Let me give you an example. We need roads and Rs 700 crore is the estimate for roads. Can we spend this money in the next six months or one year? Suppose I get a cheque for the R&B for this amount, will the R&B be able to spend this money? How many hot-mix plants do we have in the Valley today? Just 100! Out of them 75 are functional. If 75 plants work 24/7 they still cannot spend more than Rs 200 crore a year. We don’t want to throw money; it has to be spent well. So more important for me is not to get the Rs 44,000 crore package, I must understand will I be able to absorb it and in how much time.

I have designed a package, the PMRP, for Rs 24,000 crore (some years ago) and that is still continuing. Out of that Rs 18,000 crore were for power. Only Rs 6,000 crore were for infrastructure building here. It is still continuing. So my point is that more than any other package, it is important to see that how much we can absorb. So for me it is important to see that whatever we do we do it properly here. We are pursuing the package, we are reconciling the numbers, we are also trying to see the best way to finance it. We are trying to identify which ministry is to finance which part.

There are categories of losses. First is the public infrastructure. To my mind it is the responsibility of the government to ensure restoration of public infrastructure. There are no two opinions about it. Whether the central government does it or the state government, but the government has to do it. Second category of losses is private assets and businesses that the government is not obliged to do it, but it is the responsibility of the government to ensure relief and rehabilitation.

We started with small ticket. Instead of waiting for these Rs 44,000 crore, we started with something and that we started within 45 days of our coming to power. In the first phase relief was given to traders who have less than five lakh rupees turnover and we are doing it phase wise. In the second phase relief will be given to traders with Rs 5 lakh to 10 lakh turnover. And, we are doing it on the recommendations of Bazaar committees. Relief, rehabilitation and reconstruction cannot be an event, it has to be a process which has various facets, one is funding and second is spending.


NB:    But there are allegations that government resorted to pick and choose in giving relief to the traders. Number two, if you are saying that money is no problem and the problem is our low capacity to spend, what about those liabilities which are past liabilities? Why the government has not been able to release the money of the contractors against the works already executed?

FM:    I am not saying money is not important. I am saying we have to look to the other facet as well. We have to look to our spending capacity. As regards the relief, it was given to the DCs. The Bazaars Committees were involved, they certified something and the relief was given. It was totally a transparent system. There was no question of pick and choose. As regards contractors, there are liabilities. A large number of bills were given at the treasuries on 31st March and there is nothing new about it. When does the Finance department found opportunity to verify these bills? I issued a circular in advance that don’t bring bills to us on 31st March, give us some time to verify the bills.

And during verification we found that many bills were lacking in certain respects. In one of our treasury bills were presented for Rs 37 crore and when it was verified it was only Rs 19 crore. So we are verifying the bills and there is no question of any lapsing; post-verification all money will come. We are not going to negate any liability. We will meet all liability but there is a system to be followed and it will take some time to build such system. And secondly, we have cleared contractor liabilities which were pending since 2010, 2011. I can give you record of those liabilities which were pending from 2010. So we are also trying to bring fairness in the system.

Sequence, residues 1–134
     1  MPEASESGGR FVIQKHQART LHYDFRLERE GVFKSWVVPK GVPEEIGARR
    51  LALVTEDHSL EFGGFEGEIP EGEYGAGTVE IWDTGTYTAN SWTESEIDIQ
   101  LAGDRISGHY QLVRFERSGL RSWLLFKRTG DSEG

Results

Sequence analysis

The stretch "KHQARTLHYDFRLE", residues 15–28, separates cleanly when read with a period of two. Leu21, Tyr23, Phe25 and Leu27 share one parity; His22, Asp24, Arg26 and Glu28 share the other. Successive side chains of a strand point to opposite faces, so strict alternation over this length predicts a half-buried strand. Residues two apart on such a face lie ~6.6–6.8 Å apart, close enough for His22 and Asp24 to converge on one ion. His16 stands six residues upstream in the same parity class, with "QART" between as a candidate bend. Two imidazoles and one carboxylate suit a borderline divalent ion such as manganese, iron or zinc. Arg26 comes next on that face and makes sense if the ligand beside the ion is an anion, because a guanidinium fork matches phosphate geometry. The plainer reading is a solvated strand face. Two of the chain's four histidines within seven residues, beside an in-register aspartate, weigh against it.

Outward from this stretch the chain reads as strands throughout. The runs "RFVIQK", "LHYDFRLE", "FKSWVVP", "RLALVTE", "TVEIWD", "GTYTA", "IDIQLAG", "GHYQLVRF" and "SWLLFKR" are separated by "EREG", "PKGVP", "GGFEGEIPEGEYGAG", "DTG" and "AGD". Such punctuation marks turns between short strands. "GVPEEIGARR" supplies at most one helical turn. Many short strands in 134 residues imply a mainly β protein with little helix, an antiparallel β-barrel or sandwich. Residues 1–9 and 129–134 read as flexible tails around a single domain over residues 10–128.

Let the oldest liability be cleared first, then 2015 may be cleared. That is how it should work. People have come to me saying that now we will commit suicide, we have borrowed the money and the liability is pending from 2010. So we are in the process of clearing the bills. You must give some time to the system to build, once it is built, you won’t have these problems.

NB:    While presenting the budget in the state legislature, you said that the state would not go with begging bowl to the central government. In a federal economic structure, where the funds are released to the states as per a set mechanism, do you really think that going with begging bowl to the centre that you accused the previous government of doing, worked for them? Or it was just a rhetorical statement issued by you for the public consumption?

FM:    No, I am very clear about that. As a part of federal system we are entitled to certain funds which are constitutionally given to us, which come to us every month and there is no begging in that. Some money is coming from Planning Commission even that is not begging. Where the begging would come is to have a plan of Rs 7,000 crore, the state would ask for Rs 14,000 crore.

Why? In fact last time around for a plan of Rs 7,000 crore, I think some Rs 16,000 crore were asked for because Rs 9,000 crore was non-plan deficit. There is no fiscal federal rule which will force or oblige the government of India to fund that part. That is a begging part that sometimes they would give, sometimes they would not. Invariably what would happen is instead of that Rs 9,000 crore they would give Rs 6,000 crore so Rs 3,000 crore was the first shortage. That is how the liquidity problem starts. I have stopped that. I said I will not allow it. I abolished the Plan.

I made revenue expenditure-capital expenditure. Today I have Rs 10,000 crore capital expenditure. I will spend and I will show you every bit of it that this amount led to this road, this amount led to this bridge, which I have said in the budget. Revenue expenditure is salary and all that. The biggest tragedy of our state is that to spend this Rs 10,000 crore I have to spend Rs 35,000 crore. It should have been the other way round.

NB:    Post-floods Kashmir economy is in distress. State apparently has no capacity to help its revival. Don’t you think that this economy needs a massive bailout which the central government can only afford to help it revive?